The most general distinction of a public office is pointed out in Mechem Public Officers, section 4, as follows: "The most important characteristic which distinguishes an office from an employment or contract is that the creation and conferring of an office involve a delegation to the individual of some of the sovereign functions of government, to be exercised by him for the benefit of the public; that some portion of the sovereignty of the country, either legislative, executive or judicial, attaches for the time being, to be exercised for the public benefit."
The character of a position, as official or unofficial, is not to be determined by its importance or dignity, nor by the quantum or extent of authority conferred thereunder. It is stated in Throop on Public Officers, page 2, paragraph 2, "And he is not the less a public officer where his authority is confined to narrow limits, because it is the duty of his office and the nature of that duty which makes him a public officer, and not the extent of his authority." And to the same effect was the holding of the Kansas City Court of Appeals, in State ex rel. v. Gray, 91 Mo. App. 438, l.c. 443, in an opinion by ELLISON, J., as follows: "However, the generality of the definition of a public office and the difficulty of distinguishing in many cases between a mere employment and an officer, has led to much litigation on the question. The fact that a position in the public service may be inconsequential and its honor not much sought, does not prevent its being a public office. Thus, a deputy constable is a public officer, for to him is granted a portion of important sovereign power of the executive branch. So is a school director for he may, among other things, levy taxes."
That notaries public are public officers, the authorities are all in accord. [20 R.C.L. p. 326, par. 2; Wilson v. Kimmel, 109 Mo. 260, 19 S.W. 24.] And so it has been held by this court that a ward or township committeeman of a political party is a county officer (State ex rel. v. Hamilton, 240 S.W. 445. l.c. 448), and that while his official duties pertain only to the management of party affairs, still they affect the welfare of the entire community, and he exercises some of the functions of government (State ex rel. v. Falkenhainer, Judge, 321 Mo. 1042, 15 S.W.2d 342), that the superintendent of streets, by appointment of the Mayor of Kansas City, subject to the confirmation of the common council, is an officer, and not a mere employee of the city (State ex rel. v. May, 106 Mo. 488, 17 S.W. 660); and that a deputy elevator inspector appointed under the ordinances of the city of St. Louis is a public officer (Gracey v. St. Louis, 213 Mo. 384, 111 S.W. 1159).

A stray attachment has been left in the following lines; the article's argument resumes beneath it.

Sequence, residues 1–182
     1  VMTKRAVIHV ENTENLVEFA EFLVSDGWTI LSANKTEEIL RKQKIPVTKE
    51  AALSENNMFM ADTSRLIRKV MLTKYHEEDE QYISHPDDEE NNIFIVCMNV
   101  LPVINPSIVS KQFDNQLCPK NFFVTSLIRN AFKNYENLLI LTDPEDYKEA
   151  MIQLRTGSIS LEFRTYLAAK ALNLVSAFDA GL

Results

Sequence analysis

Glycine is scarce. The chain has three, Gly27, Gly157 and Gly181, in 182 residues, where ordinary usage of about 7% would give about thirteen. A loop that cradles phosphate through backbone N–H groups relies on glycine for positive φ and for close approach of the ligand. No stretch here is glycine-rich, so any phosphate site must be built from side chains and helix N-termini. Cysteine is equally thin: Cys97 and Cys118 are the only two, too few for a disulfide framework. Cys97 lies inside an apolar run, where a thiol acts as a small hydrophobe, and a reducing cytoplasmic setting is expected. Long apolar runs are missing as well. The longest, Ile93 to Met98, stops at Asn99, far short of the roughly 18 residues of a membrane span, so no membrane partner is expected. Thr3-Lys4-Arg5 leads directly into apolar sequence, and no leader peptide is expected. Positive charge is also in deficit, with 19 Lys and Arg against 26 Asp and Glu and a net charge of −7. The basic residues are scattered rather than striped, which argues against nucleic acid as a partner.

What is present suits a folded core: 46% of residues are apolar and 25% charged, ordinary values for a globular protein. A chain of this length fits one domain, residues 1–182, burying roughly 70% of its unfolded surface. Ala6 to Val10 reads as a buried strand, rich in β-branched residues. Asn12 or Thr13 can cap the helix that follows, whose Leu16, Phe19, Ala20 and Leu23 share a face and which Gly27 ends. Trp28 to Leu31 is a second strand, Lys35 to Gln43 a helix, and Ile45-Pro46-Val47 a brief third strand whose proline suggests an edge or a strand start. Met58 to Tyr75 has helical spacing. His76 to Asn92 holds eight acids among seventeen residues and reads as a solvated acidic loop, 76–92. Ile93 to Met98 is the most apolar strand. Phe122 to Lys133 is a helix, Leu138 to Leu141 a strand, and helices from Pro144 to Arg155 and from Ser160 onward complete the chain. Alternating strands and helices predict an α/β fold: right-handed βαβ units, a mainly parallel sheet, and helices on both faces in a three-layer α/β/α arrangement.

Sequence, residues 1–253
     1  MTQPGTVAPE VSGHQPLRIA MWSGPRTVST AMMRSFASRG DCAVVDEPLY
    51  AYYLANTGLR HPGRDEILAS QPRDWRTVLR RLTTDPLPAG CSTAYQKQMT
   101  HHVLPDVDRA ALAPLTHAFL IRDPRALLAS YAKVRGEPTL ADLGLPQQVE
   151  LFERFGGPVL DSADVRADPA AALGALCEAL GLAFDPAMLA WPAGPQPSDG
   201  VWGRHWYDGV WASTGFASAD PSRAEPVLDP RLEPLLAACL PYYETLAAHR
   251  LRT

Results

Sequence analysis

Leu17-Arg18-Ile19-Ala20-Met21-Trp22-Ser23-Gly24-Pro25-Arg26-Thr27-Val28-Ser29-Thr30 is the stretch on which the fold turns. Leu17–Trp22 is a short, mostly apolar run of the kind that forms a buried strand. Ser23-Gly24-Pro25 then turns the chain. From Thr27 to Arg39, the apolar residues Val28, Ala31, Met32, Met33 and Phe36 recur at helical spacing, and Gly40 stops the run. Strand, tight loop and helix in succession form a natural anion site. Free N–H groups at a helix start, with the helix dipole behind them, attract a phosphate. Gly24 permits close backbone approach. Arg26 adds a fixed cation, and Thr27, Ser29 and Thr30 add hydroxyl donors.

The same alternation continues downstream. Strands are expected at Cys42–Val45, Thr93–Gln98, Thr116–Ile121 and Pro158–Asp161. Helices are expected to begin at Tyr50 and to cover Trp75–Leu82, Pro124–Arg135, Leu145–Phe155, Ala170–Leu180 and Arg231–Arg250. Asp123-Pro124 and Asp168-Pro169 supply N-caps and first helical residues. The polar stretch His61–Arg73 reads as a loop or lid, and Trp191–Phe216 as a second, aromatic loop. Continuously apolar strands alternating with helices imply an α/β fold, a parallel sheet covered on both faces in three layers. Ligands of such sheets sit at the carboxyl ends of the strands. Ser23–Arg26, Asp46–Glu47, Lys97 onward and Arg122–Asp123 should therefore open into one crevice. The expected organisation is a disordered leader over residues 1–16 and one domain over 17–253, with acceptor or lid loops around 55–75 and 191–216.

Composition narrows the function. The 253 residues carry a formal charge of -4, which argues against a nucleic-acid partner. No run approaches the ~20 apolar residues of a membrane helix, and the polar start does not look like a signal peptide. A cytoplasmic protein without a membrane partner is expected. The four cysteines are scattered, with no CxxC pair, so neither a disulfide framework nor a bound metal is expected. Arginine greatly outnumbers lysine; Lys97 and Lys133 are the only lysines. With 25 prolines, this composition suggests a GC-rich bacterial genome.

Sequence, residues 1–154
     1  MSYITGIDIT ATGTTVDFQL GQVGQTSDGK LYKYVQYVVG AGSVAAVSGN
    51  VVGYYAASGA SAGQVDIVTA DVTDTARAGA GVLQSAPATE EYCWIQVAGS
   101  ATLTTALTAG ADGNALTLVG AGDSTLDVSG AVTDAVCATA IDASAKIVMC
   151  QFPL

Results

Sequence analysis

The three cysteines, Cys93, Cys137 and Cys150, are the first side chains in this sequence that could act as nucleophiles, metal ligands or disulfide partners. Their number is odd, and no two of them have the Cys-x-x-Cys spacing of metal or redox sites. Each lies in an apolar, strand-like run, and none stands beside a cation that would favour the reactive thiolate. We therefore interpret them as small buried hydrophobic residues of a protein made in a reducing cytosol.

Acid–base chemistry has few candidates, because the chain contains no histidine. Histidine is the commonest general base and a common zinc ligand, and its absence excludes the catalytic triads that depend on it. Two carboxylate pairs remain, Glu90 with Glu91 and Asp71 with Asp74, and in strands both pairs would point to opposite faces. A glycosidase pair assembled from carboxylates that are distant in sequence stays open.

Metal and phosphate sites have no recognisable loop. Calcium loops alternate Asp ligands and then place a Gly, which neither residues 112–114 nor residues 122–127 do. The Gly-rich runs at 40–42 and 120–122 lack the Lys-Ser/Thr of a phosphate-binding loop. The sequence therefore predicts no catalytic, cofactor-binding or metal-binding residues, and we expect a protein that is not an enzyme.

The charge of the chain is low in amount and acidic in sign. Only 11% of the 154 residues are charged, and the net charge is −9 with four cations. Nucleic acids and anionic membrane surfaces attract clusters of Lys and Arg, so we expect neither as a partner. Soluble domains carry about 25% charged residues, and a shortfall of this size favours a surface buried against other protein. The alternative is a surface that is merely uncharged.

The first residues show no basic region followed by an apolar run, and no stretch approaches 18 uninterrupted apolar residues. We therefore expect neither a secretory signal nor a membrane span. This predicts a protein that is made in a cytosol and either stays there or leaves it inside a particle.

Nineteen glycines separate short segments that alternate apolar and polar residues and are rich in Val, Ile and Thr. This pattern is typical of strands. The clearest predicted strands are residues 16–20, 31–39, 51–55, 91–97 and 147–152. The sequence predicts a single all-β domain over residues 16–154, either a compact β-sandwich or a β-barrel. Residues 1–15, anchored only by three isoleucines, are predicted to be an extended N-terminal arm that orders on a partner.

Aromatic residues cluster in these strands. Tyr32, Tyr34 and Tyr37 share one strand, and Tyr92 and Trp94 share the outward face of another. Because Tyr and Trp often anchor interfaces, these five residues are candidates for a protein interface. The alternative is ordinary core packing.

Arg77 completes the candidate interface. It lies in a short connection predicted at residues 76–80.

In the case of Gracey v. St. Louis, supra, it was held that plaintiff, a deputy elevator inspector, was a public officer, notwithstanding the ordinances under which he was acting provided that the inspector was "authorized to employ, by and with the consent of the mayor, five deputy inspectors." Judge LAMM, speaking for this court, in disposing of the contention that plaintiff was a mere employee, said: "It appears, then, that whether our conclusion be drawn from a view of general principles of law, or (more narrowly) be based on a close analysis of the ordinances of defendant city, we must hold plaintiff was an officer of the city of St. Louis. And this although the word `employ' is used in Section 2197. The word is of wide meaning, and taken with its context, conveys the idea of selecting and intrusting with a duty." [l.c. 394 — Italics ours.]
Under the decisions and the general principles applicable to the question, it is clear an attorney would not be a public officer merely because he had been appointed or employed by some public official under authority of law to represent the latter in the discharge of his official duties, and even to bring suits according to prescribed rules of law. As illustrative of such rule, the following are cases in point: